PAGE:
Presented at the 16th Asian Surgical Congress, Beijing, China, 2007. Received 1 April 2008; accepted 16 October 2008 © 2009 by the American College of Gastroenterology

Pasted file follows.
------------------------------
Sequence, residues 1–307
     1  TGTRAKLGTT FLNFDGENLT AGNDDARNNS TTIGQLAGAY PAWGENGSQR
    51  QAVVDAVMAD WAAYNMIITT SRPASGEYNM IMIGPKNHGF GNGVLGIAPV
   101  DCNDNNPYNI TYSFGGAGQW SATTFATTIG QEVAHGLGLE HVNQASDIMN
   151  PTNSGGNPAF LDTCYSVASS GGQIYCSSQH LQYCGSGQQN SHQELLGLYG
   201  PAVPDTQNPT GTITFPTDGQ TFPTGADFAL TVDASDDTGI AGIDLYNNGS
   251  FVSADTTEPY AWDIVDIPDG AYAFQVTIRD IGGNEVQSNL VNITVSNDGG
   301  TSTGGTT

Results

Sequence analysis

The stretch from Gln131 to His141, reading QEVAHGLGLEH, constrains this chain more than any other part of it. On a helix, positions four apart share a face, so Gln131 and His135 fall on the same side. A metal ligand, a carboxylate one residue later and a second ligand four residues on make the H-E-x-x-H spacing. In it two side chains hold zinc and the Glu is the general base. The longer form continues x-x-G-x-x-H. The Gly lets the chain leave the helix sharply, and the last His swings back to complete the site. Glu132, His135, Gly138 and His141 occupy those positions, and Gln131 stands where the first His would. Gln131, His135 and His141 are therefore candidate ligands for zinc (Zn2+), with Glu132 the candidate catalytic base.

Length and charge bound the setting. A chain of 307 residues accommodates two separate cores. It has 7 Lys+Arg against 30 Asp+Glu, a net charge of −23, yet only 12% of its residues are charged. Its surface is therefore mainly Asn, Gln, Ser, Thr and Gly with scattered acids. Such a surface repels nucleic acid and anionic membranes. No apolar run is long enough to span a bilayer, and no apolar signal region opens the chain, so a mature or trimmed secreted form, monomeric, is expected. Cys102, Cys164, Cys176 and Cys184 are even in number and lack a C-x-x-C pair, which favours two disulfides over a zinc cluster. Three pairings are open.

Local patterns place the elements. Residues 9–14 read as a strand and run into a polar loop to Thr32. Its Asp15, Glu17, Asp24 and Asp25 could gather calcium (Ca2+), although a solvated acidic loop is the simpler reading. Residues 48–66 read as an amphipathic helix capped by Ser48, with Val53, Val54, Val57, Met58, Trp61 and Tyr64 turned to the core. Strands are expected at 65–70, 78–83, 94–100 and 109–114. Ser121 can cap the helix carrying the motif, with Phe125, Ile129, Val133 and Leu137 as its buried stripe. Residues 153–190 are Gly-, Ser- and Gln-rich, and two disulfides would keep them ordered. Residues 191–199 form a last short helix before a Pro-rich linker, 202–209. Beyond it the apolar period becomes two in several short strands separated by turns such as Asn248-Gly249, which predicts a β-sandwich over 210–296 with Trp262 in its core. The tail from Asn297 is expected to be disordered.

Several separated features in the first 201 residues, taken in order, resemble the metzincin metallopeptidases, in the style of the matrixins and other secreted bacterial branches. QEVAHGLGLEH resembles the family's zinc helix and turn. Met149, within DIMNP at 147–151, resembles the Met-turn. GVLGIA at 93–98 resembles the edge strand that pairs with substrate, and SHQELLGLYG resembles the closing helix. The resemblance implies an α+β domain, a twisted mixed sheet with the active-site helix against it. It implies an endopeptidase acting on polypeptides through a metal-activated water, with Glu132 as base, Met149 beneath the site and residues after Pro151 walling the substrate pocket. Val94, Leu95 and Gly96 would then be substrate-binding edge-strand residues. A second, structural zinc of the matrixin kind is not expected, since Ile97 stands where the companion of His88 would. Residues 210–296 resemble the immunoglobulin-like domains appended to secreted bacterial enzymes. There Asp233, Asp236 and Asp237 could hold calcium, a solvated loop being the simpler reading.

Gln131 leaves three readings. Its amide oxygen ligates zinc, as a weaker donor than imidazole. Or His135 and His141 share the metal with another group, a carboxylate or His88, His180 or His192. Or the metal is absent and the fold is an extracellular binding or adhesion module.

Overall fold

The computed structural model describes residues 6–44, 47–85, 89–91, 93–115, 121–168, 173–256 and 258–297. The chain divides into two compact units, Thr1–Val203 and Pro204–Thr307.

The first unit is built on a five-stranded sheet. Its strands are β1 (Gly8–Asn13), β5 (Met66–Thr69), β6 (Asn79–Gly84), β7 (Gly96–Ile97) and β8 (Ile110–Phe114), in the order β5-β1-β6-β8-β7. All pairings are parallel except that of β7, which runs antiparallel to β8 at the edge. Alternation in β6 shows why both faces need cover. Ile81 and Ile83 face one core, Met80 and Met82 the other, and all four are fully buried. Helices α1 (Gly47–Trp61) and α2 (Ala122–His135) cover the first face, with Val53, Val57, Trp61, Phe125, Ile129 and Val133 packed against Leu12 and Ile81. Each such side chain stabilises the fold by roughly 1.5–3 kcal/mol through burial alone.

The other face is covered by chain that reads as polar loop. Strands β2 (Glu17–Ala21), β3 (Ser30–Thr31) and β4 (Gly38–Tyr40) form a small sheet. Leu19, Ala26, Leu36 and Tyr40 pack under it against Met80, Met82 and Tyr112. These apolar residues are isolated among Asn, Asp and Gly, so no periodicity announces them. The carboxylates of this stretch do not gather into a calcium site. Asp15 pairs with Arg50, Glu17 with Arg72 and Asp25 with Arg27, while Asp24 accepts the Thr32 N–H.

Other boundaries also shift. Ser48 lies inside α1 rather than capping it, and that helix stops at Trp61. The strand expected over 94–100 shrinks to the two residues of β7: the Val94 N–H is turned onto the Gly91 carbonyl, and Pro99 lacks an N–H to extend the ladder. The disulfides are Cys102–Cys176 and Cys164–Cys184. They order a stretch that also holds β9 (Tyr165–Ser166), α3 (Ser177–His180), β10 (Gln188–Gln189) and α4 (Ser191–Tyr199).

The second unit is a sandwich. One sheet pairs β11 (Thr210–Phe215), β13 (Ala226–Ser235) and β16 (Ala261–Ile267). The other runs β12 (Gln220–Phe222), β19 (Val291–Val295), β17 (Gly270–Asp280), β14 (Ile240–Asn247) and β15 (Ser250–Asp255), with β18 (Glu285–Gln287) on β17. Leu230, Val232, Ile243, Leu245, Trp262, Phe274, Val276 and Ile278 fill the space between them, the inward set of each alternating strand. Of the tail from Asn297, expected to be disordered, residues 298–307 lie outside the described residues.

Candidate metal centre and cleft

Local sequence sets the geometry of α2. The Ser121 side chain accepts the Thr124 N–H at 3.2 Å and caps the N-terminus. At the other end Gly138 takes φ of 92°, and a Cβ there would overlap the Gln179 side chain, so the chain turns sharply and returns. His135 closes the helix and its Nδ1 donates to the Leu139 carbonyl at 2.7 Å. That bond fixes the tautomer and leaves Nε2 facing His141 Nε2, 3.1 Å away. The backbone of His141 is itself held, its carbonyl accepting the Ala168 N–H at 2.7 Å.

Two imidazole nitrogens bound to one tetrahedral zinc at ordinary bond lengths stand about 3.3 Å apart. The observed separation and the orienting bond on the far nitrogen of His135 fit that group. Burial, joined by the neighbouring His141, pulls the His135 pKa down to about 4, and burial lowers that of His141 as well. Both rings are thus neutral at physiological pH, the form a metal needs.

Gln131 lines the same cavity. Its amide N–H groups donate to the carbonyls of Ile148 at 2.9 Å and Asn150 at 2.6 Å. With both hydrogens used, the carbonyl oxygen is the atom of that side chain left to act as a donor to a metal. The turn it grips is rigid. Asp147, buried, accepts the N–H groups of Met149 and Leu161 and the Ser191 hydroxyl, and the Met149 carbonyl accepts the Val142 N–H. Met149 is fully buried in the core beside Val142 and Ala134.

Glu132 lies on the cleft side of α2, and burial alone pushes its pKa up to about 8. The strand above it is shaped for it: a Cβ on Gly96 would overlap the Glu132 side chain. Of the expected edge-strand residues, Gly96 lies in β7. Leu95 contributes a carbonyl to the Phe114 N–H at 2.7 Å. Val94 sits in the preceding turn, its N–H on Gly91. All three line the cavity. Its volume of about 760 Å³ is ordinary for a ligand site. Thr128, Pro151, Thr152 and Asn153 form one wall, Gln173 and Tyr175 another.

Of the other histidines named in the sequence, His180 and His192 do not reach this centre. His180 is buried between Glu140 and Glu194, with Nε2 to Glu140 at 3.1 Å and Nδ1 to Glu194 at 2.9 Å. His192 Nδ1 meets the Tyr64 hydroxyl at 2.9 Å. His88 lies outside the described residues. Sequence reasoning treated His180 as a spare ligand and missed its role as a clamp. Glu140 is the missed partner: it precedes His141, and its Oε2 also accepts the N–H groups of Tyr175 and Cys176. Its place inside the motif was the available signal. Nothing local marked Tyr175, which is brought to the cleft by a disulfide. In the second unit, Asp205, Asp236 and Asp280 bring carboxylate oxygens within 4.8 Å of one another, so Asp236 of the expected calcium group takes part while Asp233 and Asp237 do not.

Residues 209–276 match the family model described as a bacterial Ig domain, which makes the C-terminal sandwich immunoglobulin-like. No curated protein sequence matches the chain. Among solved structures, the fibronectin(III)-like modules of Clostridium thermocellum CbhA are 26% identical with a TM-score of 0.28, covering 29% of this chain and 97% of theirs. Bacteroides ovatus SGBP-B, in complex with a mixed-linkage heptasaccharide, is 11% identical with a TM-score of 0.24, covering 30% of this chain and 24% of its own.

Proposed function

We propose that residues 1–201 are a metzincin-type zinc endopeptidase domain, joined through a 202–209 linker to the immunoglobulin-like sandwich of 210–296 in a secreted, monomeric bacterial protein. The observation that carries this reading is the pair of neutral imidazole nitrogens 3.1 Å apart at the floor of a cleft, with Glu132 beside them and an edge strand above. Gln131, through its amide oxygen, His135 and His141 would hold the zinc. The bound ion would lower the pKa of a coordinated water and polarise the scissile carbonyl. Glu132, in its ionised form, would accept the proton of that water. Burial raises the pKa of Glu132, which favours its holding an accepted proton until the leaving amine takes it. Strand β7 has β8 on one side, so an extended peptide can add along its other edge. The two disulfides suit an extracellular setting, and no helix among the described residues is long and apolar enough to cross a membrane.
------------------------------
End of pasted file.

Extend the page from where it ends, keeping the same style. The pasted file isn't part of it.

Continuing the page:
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from all the patients by explaining to them the potential benefits of this new approach. These benefits include less postoperative pain, better cosmesis due to the complete absence of scars, and shorter hospital stay. The possibility of temporary postoperative dysparunea was also explained to them. We successfully performed this procedure for six patients, as we had to convert the first two cases to conventional laparoscopic cholecystectomy due to technical difficulties. One patient had inflammatory adhesions that were difficult to dissect, and the other patient had a wide cystic duct that may not have completely occluded with an endoclip. The first successful procedure was performed at the end of July 2007. All the patients were worked up for surgery with routine blood and urine tests, liver function test, electrocardiogram, ultrasonogram (USG), and chest X-ray. Anesthetic fitness and gynecology consultation were obtained in all patients before the procedure. One vaginal povidone-iodine tablet was administered 12 h preoperatively for all the cases. The Ethics Committee approved the study, considering our extensive experience with the procedure in porcine models and our published study on transvaginal appendectomy in humans. The inclusion criteria were age, 18–65 years, able to give informed consent, and symptomatic cholelithiasis. The exclusion criteria were endometriosis, pelvic inflammatory disease, pregnancy, morbidly obese patients (body mass index>35), immunocompromised patients, severe medical comorbidities, acute cholecystitis with excess inflammation, gall bladder mass (phlegmon) or tumor, prior open abdominal or transvaginal surgery, and the presence of CBD stones.